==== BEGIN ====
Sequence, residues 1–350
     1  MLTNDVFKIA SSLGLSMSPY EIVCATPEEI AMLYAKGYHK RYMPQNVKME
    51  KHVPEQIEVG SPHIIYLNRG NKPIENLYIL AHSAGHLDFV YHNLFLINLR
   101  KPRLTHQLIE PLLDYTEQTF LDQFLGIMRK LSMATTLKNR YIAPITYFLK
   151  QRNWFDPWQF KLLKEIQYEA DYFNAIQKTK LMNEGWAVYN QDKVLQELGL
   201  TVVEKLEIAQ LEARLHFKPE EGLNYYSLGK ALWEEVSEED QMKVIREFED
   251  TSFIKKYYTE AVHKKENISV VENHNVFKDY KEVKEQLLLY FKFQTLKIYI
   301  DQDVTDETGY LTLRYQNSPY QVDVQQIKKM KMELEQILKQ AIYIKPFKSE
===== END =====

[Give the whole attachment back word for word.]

Sequence, residues 1–350
     1  MLTNDVFKIA SSLGLSMSPY EIVCATPEEI AMLYAKGYHK RYMPQNVKME
    51  KHVPEQIEVG SPHIIYLNRG NKPIENLYIL AHSAGHLDFV YHNLFLINLR
   101  KPRLTHQLIE PLLDYTEQTF LDQFLGIMRK LSMATTLKNR YIAPITYFLK
   151  QRNWFDPWQF KLLKEIQYEA DYFNAIQKTK LMNEGWAVYN QDKVLQELGL
   201  TVVEKLEIAQ LEARLHFKPE EGLNYYSLGK ALWEEVSEED QMKVIREFED
   251  TSFIKKYYTE AVHKKENISV VENHNVFKDY KEVKEQLLLY FKFQTLKIYI
   301  DQDVTDETGY LTLRYQNSPY QVDVQQIKKM KMELEQILKQ AIYIKPFKSE